Rags in Tatters
Local papers are at the heart of the local community, holding local MPs, local authorities and rogue businesses to account: a vibrant local press is vital for our democracy. Yet the local press is in long-term decline. Why? Because of turbulent times, digital transformation, changing consumer preferences, policy blunders, the competition regime, and management waiting too long to respond to structural change. We ask: can anything be done to turn around the distressed business model and ensure that local papers remain in business? For the long term.
The regional press is in long-term decline owing to a combination of changing consumer preferences, new technology, and failed management bets. Arguably there have been some policy blunders and the competition regime may be hampering the future fortunes of the sector. As is the case with so many sectors as they mature, there is a need, at least for some publishers, for consolidation to enable the realisation of cost efficiencies. The economics of the sector are such that for some publishers relatively small scale works – witness Tindle. For others, consolidation is the only way forward. Stay medium-sized, and the numbers don’t stack up – the revenues won’t cover the costs. We examine the various trends in the sector with a specific focus on the competition regime to assess the extent to which it may be an obstacle to the sector’s future viability.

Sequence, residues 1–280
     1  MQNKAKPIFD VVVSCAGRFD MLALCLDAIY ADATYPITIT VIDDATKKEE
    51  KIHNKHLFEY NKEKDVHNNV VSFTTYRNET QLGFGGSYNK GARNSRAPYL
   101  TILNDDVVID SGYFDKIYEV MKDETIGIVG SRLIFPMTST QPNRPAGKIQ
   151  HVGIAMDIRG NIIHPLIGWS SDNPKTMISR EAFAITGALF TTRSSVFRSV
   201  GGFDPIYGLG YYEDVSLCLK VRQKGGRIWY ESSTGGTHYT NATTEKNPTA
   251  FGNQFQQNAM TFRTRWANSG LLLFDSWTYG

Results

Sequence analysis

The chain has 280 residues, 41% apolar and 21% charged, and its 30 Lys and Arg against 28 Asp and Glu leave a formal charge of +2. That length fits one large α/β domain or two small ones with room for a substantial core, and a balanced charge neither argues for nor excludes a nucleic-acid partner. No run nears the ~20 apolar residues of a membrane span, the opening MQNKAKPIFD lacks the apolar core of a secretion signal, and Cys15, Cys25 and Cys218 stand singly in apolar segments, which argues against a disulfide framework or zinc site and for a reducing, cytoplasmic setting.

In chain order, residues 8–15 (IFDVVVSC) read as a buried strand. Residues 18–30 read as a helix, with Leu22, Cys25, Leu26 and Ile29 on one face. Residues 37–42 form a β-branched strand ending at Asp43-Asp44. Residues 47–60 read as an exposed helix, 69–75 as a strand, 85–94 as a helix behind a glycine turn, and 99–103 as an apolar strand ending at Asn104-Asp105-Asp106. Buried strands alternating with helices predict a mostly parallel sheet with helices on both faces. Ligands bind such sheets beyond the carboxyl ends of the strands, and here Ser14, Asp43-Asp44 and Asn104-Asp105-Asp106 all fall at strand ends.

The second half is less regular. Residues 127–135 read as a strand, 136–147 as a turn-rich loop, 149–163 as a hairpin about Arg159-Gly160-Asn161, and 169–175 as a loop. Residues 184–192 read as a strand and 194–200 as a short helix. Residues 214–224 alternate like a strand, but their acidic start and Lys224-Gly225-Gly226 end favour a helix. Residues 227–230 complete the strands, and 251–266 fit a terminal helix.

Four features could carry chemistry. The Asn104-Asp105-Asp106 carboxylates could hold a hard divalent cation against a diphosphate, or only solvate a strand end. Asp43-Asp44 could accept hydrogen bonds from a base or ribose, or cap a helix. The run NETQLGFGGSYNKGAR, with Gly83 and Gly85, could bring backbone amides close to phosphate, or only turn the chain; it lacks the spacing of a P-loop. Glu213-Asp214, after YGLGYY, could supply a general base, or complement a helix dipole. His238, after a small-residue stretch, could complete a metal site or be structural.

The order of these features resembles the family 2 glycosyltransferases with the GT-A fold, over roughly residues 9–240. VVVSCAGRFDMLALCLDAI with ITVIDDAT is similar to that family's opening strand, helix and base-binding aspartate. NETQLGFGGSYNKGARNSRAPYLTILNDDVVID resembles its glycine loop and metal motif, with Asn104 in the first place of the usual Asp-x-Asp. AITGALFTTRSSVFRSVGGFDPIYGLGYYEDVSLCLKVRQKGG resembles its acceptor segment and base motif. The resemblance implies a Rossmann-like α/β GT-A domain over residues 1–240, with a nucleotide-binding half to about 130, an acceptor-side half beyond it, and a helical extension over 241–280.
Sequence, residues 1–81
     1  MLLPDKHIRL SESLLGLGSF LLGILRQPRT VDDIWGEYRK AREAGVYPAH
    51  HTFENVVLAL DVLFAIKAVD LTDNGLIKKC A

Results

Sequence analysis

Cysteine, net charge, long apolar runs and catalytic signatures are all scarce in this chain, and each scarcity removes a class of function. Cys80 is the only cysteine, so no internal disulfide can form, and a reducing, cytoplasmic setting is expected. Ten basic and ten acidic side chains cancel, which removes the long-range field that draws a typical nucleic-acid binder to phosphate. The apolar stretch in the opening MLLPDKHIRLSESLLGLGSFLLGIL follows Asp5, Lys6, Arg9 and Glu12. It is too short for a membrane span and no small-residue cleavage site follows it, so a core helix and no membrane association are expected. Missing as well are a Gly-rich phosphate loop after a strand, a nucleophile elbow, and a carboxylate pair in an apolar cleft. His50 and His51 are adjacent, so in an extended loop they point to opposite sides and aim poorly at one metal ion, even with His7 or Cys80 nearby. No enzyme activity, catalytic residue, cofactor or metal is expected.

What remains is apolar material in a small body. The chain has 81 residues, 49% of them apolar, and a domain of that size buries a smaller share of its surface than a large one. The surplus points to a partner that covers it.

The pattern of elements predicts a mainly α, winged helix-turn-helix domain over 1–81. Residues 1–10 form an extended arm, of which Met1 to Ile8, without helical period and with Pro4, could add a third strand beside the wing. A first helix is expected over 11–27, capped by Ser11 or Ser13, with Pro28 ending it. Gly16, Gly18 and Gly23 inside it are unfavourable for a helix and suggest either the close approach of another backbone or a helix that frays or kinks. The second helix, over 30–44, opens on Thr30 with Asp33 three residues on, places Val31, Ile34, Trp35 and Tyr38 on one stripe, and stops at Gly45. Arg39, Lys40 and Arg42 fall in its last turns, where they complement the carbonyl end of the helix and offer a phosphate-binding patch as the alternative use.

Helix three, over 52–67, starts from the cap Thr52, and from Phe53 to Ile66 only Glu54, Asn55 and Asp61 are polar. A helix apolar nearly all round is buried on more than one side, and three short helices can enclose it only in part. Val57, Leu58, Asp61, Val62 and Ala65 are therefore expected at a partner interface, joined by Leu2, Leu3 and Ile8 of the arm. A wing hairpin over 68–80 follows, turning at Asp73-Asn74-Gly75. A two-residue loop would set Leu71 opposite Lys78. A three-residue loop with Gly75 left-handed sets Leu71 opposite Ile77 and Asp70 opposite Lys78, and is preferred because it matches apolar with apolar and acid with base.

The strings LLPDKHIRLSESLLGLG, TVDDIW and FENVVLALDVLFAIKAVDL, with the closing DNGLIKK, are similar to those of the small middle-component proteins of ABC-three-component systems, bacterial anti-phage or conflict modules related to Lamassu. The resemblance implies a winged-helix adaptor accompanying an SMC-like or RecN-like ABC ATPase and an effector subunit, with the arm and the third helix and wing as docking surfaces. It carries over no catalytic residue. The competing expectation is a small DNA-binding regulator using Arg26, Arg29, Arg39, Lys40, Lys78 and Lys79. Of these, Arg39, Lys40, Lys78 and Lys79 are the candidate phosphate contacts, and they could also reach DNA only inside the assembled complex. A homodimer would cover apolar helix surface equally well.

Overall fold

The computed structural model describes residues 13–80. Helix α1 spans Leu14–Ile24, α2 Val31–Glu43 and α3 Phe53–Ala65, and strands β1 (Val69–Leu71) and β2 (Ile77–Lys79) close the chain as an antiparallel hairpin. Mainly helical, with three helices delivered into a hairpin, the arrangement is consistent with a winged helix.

Is the competition regime a barrier to success or are management errors and policy blunders to blame?
Stephen Carter’s interim Digital Britain Report presented local media groups’ views that the transition to digital business models required consolidation but that the then current media merger regime did not take account of potential cross-media competition.2 The first stage competition authority, the Office of Fair Trading (‘OFT’) immediately conducted a review, concluding that:
“…the current merger regime, which is broadly the same for newspapers as for other industries, is well placed to take into account developments such as competition from the internet because it is evidence-based and capable of reflecting market realities. The regime is also flexible in that it can take account of valid ‘failing firm’ arguments, as well as efficiencies and any other benefits to customers brought about through a merger. The OFT has therefore recommended that no legislative changes are needed to the media merger regime.”